Effective Enterprise Content Management Hinges On Listening To Employees And Anticipating Their Needs

Best practices research features survey data and site visits to EY, MetLife, MWH Global, Nalco, and Wipro, all named as best-practice organizations

(Houston, Texas – January 21, 2015)Nearly half – 43 percent – of professionals say their firms are minimally or not at all effective at managing enterprise content. However, organizations can turn this tide by embracing new forms of socially generated content, improving their update and archival processes, and delivering targeted content directly to employees’ mobile devices.

These and many other insights are detailed in a research report from APQC, the nonprofit leader in benchmarking and best practices research.  Connecting People to Content, produced with support from research champion St. Charles Consulting Group, details 20 best practices associated with enterprise content management and sharing.

“Firms always gravitate toward the slickest new technology for enterprise content management—and of course tools are important,” said Lauren Trees, Knowledge Management research program manager for APQC. “But we found that a targeted strategy that creates ongoing accountability for content creation and upkeep is a bigger determiner of success. Effective content teams are attuned to the needs of content stakeholders and end users inside their organizations. They understand their audiences and provide tools and processes that align with how people want to contribute, access, share, and reuse organizational knowledge.”

“Stakeholders are pleading for real-time, on-demand access to the content that is ‘right’ for them in order to do their work effectively. While technology is an enabler, the bulk of best-practice attributes focus on people- and process-related tactics to engage employees, solicit content, and link people to available resources,” said Phil Davis, managing partner with St. Charles Consulting Group. “As an organization hones its strategy and processes in alignment with suppliers and consumers of content, it is able to connect supply to demand, enabling meaningful connections and generating business value.” The firm distilled the research findings into a five-level maturity model for connecting people to content.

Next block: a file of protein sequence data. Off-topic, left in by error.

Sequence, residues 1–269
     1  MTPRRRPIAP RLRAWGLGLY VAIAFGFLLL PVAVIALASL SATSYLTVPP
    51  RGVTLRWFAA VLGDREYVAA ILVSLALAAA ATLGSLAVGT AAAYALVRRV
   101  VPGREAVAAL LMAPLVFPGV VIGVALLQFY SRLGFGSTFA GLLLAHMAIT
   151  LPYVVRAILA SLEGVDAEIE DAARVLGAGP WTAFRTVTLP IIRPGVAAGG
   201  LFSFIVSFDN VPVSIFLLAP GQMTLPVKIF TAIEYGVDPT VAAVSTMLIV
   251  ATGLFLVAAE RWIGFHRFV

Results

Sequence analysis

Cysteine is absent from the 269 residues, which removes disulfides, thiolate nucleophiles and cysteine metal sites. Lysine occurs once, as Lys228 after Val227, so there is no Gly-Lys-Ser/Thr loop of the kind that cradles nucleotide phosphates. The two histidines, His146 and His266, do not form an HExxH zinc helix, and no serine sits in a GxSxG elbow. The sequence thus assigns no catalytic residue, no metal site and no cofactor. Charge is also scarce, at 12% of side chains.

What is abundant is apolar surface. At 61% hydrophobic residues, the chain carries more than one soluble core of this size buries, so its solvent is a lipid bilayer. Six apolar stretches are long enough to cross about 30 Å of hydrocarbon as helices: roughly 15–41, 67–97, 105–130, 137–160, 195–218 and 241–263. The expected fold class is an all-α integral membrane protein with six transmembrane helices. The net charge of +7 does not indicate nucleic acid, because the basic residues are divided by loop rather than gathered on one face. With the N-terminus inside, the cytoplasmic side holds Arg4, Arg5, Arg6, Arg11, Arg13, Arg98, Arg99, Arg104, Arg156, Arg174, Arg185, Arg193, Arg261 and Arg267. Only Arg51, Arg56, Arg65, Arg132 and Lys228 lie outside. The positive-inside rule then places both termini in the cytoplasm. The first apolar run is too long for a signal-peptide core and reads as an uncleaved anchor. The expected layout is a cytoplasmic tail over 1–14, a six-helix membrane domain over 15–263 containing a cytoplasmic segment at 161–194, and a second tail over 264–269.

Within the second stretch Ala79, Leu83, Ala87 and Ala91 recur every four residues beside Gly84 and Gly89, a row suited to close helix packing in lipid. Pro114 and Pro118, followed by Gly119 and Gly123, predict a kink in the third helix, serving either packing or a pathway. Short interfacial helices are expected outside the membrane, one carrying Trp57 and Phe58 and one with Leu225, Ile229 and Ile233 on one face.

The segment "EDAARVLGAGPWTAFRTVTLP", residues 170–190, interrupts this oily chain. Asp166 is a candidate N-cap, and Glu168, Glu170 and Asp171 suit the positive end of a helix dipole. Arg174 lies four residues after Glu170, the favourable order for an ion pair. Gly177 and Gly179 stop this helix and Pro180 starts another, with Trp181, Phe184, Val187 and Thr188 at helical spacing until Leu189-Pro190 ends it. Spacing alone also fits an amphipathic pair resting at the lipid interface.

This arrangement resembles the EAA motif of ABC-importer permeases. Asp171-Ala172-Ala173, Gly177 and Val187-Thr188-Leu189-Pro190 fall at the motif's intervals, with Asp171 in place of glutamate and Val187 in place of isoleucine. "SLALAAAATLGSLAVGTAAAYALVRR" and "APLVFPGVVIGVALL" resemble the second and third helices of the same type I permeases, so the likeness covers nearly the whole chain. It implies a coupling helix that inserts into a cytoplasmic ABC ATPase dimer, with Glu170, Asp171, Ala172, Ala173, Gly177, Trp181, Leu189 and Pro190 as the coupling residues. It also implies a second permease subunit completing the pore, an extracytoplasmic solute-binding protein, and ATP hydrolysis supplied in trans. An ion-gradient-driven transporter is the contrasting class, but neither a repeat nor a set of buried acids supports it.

The report includes findings from detailed APQC site visits with five organizations boasting highly effective content management processes: EY, MetLife, MWH Global, Nalco, and Wipro. These organizations:

  • Design content for an increasingly young, impatient, mobile, and collaborative work force. This involves moving beyond documents to embrace video, wikis, and social conversation threads.
  • Aggressively eliminate stale, unused content to reduce clutter and save storage space, often auto-archiving items unless authors opt to keep them.
  • Engage end users in building taxonomies and metadata so classification schemes reflect how the people looking for and retrieving content actually think about that content.
  • Place content directly in employees’ path as they do their work, including through mobile access points and dedicated applications.

Visit APQC’s website to access the full research report and study overview.

About APQC

APQC is a member-based nonprofit and one of the leading proponents of knowledge management, benchmarking and best practice business research. Working with more than 750 organizations worldwide in all industries, APQC focuses on providing organizations with the information they need to work smarter, faster, and with confidence. Visit www.apqc.org, call +1.713.681.4020, or follow @APQC and learn how you can Make Best Practices Your Practices®.

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